Hastings Plc, a UK-based direct insurance company was IPOed in 2015 at 1,70 GBP per share (IPO prospectus). To call Hastings a “Mini Admiral” is actually very close to the truth.
The company was founded as an underwriting Agency in 1996 by an American called David Gundlach who then sold the company 10 years later. Via a couple of more transformations (MBO etc.) Hastings then was finally brought to the stock exchange. Interestingly, according to some sources, Gundlach had worked at Admiral before so it is no surprise that Hastings looks pretty much like a 1:1 copy Admiral:
They only do direct business, reinsure significant amounts of their premiums and make their money mostly with anciliariy products and fees instead of investment returns like “classical” insurance companies. They only exception is that they don’t run a price comparison website (PCW) but they sell almost all policies via PCWs. Like Admiral, they have branched out into home insurance from
Hastings currently has a market cap of ~1.5 bn GBP and trades at an estimated 17,6 times 2016 earnings.
The Company / Spin-off
Gocompare.com (GoCo) has been spun-off from parent Esure in the beginning of November, a week before the US elections and only a few days before Italgas SpA. As a “parting gift”, Esure took out a special dividend of about 75 mn GBP financed by some net cash and a 70 mn GBP loan before spinning the company off-
In my understanding, the major reason for the spin-off was that Esure, the listed UK online direct insurer was short in solvency capital and that this transaction improved the solvency substantially.
Every Esure investor got one GoCo share for an Esure share. Interestingly, Toscafund, the second largest shareholder only holds 14% in Goco compared to 16,7 for Esure, so they seem to have sold some shares.
Oaktree Capital is an US-based listed asset manager specializing in alternative assets and more specifically in “distressed” securities. Co-founder Howard Marks became quite famous and is one of the most intelligent people in the investment industry. I had reviewed his book 5 years ago and read everything he writes with great interest.
Oaktree is clearly one of the “Highest quality” names in Alternative Asset Management with a very good long-term track record. A reader mentioned Oaktree in the “ideal company post” and as I had them on my list anyway I decided to make this my first analysis for 2017.
Yesterday, I sold my complete Kinder Morgan position at ~21 USD per share with a total gain of around 25% (in EUR, including dividends). Why ?
When I bought the stock in April I argued like this:
For me, the “expected case” would be something like a 8% discount rate and 1% growth resulting in a fair value of around 25,60 USD per share. Also, under my assumptions, the downside is relatively limited. Based on 18 USD per share (at the time of writing), that would imply an upside of around +42% which for me would be an acceptable return over my typical 3-5 year investing period (plus any dividends).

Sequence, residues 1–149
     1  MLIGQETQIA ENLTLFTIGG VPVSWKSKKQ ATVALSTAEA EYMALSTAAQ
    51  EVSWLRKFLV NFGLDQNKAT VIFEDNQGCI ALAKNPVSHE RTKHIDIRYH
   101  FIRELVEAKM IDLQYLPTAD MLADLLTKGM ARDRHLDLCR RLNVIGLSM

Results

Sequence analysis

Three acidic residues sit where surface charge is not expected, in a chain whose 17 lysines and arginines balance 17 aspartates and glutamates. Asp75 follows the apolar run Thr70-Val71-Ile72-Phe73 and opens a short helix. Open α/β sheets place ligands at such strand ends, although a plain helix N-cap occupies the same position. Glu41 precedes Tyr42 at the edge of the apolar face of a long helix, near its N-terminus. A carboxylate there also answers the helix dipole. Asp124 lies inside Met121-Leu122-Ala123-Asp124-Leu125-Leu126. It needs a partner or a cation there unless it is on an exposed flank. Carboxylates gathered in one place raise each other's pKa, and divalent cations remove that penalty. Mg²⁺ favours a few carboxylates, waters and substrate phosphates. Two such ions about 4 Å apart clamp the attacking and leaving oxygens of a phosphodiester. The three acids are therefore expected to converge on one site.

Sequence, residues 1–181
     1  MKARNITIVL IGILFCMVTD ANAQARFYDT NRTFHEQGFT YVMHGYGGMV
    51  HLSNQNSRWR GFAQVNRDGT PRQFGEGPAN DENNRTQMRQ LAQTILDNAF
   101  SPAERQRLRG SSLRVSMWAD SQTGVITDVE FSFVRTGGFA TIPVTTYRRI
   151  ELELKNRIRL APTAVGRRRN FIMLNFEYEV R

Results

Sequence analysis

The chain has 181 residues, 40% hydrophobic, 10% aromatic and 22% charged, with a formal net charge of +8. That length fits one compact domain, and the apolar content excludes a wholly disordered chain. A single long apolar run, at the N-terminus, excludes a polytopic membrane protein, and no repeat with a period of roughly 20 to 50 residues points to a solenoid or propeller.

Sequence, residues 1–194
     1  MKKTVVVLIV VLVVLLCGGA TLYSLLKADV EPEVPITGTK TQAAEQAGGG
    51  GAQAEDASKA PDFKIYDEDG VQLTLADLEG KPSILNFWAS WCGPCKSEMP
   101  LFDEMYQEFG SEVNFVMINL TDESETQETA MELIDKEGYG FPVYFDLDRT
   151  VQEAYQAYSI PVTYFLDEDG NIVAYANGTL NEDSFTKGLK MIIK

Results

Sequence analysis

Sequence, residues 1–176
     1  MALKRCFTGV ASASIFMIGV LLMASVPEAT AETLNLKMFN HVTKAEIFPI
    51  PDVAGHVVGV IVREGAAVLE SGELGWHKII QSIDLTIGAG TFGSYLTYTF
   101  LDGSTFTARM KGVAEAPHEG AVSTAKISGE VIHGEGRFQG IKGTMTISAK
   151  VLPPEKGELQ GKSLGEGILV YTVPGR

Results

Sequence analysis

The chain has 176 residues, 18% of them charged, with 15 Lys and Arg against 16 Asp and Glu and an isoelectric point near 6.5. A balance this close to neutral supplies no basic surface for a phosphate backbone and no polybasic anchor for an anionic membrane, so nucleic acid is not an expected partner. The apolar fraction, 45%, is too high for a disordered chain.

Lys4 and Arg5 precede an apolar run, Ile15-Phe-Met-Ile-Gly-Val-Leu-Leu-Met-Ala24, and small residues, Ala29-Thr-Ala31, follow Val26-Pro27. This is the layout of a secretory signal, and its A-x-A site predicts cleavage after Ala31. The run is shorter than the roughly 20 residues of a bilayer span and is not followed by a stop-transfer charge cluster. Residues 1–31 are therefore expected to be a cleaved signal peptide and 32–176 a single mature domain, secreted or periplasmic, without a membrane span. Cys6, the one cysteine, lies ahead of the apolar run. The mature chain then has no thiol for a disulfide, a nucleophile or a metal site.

So why did I sell out now and didn’t wait for higher prices ? Well, something has changed: Interest rates went up. Since April, the 10 year USD Swap rate went up by +0,90% and the 20 year rate by around +0,70% p.a. If we look at my valuation grid from back then we can see that the value reacts significantly to change in interest rates:
Camellia Plc is a pretty odd company for UK standards. It is a conglomerate with interest in plantations around the world, as well as some engineering businesses, a UK cold storage business, a fish trader in the Netherlands and a private bank plus an art collection, a stock portfolio and other stuff.
Some UK blogs have covered Camellia like Richard Beddard and Expecting Value.
Camellia seems to be a favourite among deep value or “assets at a discount” investors and as I do like strange companies (and conglomerates) , I decided to take a deeper look at it. Also as it is in the same sector as ACOMO makes it easier to get “into it”.
Some years ago I introduced a 27 point “beta version” of an investment check list. This check list contained a lot of quantitative aspects, such as P/E, P/B or other multiples as well as some qualitative aspects. I used this as a rough guideline for analyzing potential long-term holdings but I found out that the quantitative aspects in a check list are not very helpful, because it leads to discarding really well run companies at a very early stage.
On the qualitative side however some things were missing, especially how a company is run for me became more and more important over the past years.
I think this aspect is not well covered by many other investors as most concentrate (only) on the “what”:
- What moat does a company have ?
- What industry are they in ?
- What ROE/ROIC/EBIT Margin does the company generate ?
- At what EPS/EBIT/Book multiples does the stock trade ?
- What is the “Magic Formula” that generates Alpha without actually looking into the companies I invest
For me the “what” in many cases is actually only a secondary result of the “how”. Moats for instance are not created out of thin air.
Provident Financial is a UK-based “financial service provider”. What makes Provident “special” is that the company is extremely profitable:
Market Cap 4,2 bn GBP
Among its shareholders there are many “famous” investors for instance Marathon AM, Neil Woodford and Tweedy Brown.Stock analysts are quite bullish, according to Bloomberg 9 out of 12 have the company as “buy”, although the target price at 31,00 is only a few percent higher than the current price.
The stock has done pretty well over the last years, “the great financial crisis” had almost no impact on the share price: